2.3. Endurance Index Measurements

For the erector spinae muscle testing, the subjects were seated in a chair and leaned forward with their chest against an adjustable table and their head resting on a pillow placed on top of their folded arms (Figure 1). The position was standardized at a 60-degree torso angle. The upper body was also strapped to a padded board to minimize torso movement during the endurance measurements. Two electrodes (5 × 5cm) were placed with a 4 cm gap on the exposed lower back lateral to the T11 and L1 vertebrae on the belly of the left erector spinae (Figure 1). The muscles were stimulated using current levels that ranged from 25 to 35 mA with pulse durations/intervals of 200/50 us. A wireless tri-axial accelerometer (WAX3, Axivity, Newcastle upon Tyne, UK) was used to measure the acceleration of the muscle twitch contractions.
The endurance protocol consisted of electrical stimulation at 2 Hz, 4 Hz, and 6 Hz (3 min each) with 5 s of no stimulation between each stage [13]. The accelerometer measured the surface oscillations resulting from the muscle twitches via wireless Bluetooth transmission. A resultant acceleration (Ar) was calculated from all three axes. Peak to peak (p-p) analysis was used to determine the magnitude of acceleration measured during each contraction. The endurance index was calculated as the percentage of acceleration at the end of the fatigue test compared to the initial peak value. The data analysis was performed using custom written routines in MATLAB R2014b (MathWorks Inc., Natick, MA, USA) [13].
For the forearm and vastus lateralis muscles, the accelerometer was placed in the center of the belly of the muscles and the stimulation electrodes were placed proximally and distally on the same muscle. The current used and stimulation protocol were the same as for the erector spinae muscles.

2.4. Oxygen Saturation During the Endurance Index Test

For the erector spinae muscles, the participant was strapped into a lower lumbar extension machine (Cybex Eagle, Rosemont, IL, USA). A near infrared spectroscopy (NIRS) device (Portamon, Artinis Medical Systems, Einsteinweg, The Netherlands) was secured to the subject using an elastic band. The location was along the T11–L1 vertebrae in approximately the same location as the accelerometer placement. Blood oxygenation (O2Hb), deoxygenation (HHb), and blood volume were collected at a sampling rate of 10 Hz with separation distances of 3 and 4 cm. The same 2, 4, and 6 Hz protocols were performed, followed by a maximal voluntary isometric back extension contraction held for 90 s. Data collection continued for 90 s after the back extension to allow for baseline values to reestablish. Oxygen saturation (difference signal of O2Hb and HHb) was recorded at rest during the last 30 s of each stimulation level, at the lowest point of the isometric contraction, and at the highest point after the isometric contraction. The values of oxygen saturation for rest and the stimulation levels were calculated as a percentage of the range between the low values during the isometric contraction (assumed to be 0% oxygen saturation) and the highest values during reactive hyperemia (assumed to be 100% oxygen saturation) [14].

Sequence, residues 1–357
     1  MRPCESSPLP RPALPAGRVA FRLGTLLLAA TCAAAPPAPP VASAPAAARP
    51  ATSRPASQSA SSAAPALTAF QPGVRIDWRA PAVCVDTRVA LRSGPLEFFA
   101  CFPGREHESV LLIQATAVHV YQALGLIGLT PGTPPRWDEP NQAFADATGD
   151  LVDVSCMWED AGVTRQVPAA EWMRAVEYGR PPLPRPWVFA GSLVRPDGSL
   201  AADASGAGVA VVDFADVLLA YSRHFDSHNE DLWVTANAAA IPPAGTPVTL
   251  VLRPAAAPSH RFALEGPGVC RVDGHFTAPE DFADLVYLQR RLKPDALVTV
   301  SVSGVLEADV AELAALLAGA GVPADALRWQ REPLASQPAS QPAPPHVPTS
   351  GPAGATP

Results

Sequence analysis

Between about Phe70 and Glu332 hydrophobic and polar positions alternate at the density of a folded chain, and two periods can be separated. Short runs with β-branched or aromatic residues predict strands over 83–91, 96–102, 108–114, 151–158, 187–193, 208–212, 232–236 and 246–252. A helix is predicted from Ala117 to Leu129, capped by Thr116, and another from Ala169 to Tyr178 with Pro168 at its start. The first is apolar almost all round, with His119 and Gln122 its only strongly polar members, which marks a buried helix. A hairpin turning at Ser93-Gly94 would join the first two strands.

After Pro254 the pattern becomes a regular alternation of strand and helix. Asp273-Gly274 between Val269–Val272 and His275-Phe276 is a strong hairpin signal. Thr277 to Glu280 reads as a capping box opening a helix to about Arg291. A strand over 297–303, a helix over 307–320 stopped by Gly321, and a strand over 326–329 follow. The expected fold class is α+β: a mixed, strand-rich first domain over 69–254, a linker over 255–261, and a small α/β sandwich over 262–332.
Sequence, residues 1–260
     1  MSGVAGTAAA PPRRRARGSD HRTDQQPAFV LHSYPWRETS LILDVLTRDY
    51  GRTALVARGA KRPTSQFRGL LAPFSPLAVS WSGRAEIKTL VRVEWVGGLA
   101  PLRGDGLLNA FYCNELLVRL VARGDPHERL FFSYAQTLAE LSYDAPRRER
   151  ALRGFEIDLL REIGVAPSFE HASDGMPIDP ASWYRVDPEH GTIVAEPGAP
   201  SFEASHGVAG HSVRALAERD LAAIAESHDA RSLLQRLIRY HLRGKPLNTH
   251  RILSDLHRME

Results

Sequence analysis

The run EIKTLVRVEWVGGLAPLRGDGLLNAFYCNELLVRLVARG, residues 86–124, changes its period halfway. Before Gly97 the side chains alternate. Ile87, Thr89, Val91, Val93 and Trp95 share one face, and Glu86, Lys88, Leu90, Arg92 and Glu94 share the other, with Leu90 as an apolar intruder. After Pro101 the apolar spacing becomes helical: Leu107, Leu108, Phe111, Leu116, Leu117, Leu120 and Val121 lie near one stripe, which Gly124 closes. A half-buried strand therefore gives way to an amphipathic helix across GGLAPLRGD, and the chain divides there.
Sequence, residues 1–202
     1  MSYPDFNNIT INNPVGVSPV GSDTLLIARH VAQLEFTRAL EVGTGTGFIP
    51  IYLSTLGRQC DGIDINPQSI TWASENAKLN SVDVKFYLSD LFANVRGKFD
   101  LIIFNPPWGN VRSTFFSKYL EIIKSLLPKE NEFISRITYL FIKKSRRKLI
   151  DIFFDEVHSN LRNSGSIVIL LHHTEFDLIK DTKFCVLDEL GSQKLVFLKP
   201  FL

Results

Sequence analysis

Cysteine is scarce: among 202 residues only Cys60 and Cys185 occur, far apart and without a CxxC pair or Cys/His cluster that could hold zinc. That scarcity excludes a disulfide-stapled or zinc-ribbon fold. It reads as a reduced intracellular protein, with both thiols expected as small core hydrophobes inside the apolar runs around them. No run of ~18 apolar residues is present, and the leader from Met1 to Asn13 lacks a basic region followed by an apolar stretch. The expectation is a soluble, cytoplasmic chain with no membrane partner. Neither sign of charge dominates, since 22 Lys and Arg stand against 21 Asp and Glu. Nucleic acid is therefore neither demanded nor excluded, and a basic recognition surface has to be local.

2.5. Analysis

Measures of the endurance index between tests were compared using one-way analysis of variance (ANOVA). Post-Hoc Bonferroni corrections for multiple comparisons were used to identify differences in the endurance index values at each frequency of stimulation. Interclass correlation coefficients (ICC) were also calculated. Oxygen saturations during different levels of stimulation were compared using repeated measures ANOVA. Data are presented as means with standard deviations (SD). Statistical significance was accepted with a p value < 0.05.

3. Results

Positioning of the stimulation electrodes and a representative response of acceleration for the erector spinae muscles is shown in Figure 1.
The endurance index values for the vastus lateralis, wrist flexor, and erector spinae muscles are show in Figure 2A. There was a main effect of the muscle on the EI values (F = 6.64, p < 0.001). Multiple comparisons between muscles were all significant, with the erector spinae muscle having p values < 0.001 for both limb muscles, and the comparison between the Vastus lateralis and Wrist flexors having a p value = 0.031. Comparisons in the erector spinae muscles between two tests on separate days are shown in Figure 2B. There was no effect of the day on the EI values (F = 0.188, p = 0.831). The coefficient of variation values for the erector spinae muscles were 9.8, 13.9, and 20.3% for 2, 4, and 6 Hz stimulation, respectively. The interclass correlation coefficients were 0.80, 0.86, and 0.59 for 2, 4, and 6 Hz stimulation, respectively.
Oxygen saturation in the erector spinae muscle dropped significantly with isometric back contractions, as shown in the representative trace in Figure 3A. However, there were no declines in oxygen levels during electrical stimulation at any frequency compared to the resting values as shown in Figure 3B.